Grateful for this positive experience, Ford has given back over the years as a writing mentor for at-risk youth. Today, she teaches adolescents through the QWF’s Writers in the Community program, and is proud to have passed the bilingualism test at l’Université de Montréal, where she’s returned to school to study social work. “Other than writing fiction, I guess my passion and drive have always been to work with people who are struggling,” she says, excited to add a BSc to her creative and professional writing BAs from Concordia and an MFA in Fiction from Queens University of Charlotte.
Meanwhile, she’s thrilled that Carousel, her third book after Death Is a Side-Effect (poems, Frog Hollow Press, 2019) and The Poor Children (short stories, SFWP, 2015), is ready to whirl. While uncertain about launching during a pandemic, she recognizes that there are “trailblazing opportunities for the arts right now,” and hopes Carousel will do well since it has a “possibility-of-restoration tone to it.”
The eye-catching Le Galopant, picked apart for repair in the novel, is indeed a striking metaphor for rehabilitation as Margot and Estelle embark in couple’s counselling. When the aging carousel is threatened with closure, Margot’s panic ripples through the reader, who’s mesmerized by the prickly yet magnetic heroine’s clumsy efforts to mend her marriage.
While midlife crisis isn’t a new theme, Ford’s treatment of it feels fresh, voicing an under-heard side of the story. Self-identifying as bisexual, the author notes she’s published little LGBTQ work before. “I have a lot of it written,” she specifies, “but I’ve had a much harder time having it published, which says something, I guess.” Stressing that she’s tired of stories about men, she proclaims: “So, with Carousel, I’m going to be the voice that I would want to read; I want to talk about women.”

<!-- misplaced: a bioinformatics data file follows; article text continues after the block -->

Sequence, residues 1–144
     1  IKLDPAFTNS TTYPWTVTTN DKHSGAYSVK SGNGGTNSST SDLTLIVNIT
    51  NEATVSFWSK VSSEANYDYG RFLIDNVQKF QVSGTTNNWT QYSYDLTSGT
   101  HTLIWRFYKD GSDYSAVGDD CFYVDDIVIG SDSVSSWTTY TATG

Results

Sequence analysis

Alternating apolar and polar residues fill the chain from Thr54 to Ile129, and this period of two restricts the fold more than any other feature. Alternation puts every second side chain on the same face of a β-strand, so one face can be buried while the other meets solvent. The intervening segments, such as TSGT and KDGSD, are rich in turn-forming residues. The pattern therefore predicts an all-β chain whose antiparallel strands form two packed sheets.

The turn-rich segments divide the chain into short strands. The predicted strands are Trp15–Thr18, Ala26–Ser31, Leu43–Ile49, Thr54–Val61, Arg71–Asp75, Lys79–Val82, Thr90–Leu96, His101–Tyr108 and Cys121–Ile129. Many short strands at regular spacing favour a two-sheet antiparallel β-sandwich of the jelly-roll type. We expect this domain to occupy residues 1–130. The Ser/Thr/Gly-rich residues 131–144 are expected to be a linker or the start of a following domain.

Ford’s commitment has yielded great results: well-developed characters gallop through this poignant exploration of intergenerational trauma, skillfully offset with dark humour. It’s hard to forget a protagonist like Margot, whose “two-tone spectator shoes” and “black merino derby hat” set her apart from chapter one. Emotionally, the story is as much a rollercoaster as a carousel, keeping readers on the edge of their seats until the very last page, wondering whether Margot and Estelle will survive the ride.
Lending credence to the adage that you should write what you know, Ford chose well pinning La Ronde as her backdrop. Loving carnivals as a kid, she’s been returning to the park every summer since her early teens, braving the wildest rides. “My favourite time of day in a carnival, which I really tried to recreate at the end with Margo, is twilight,” she emphasizes before describing the kind of sophisticated adventure that sets in once the screaming kids are gone and the rides are lit up.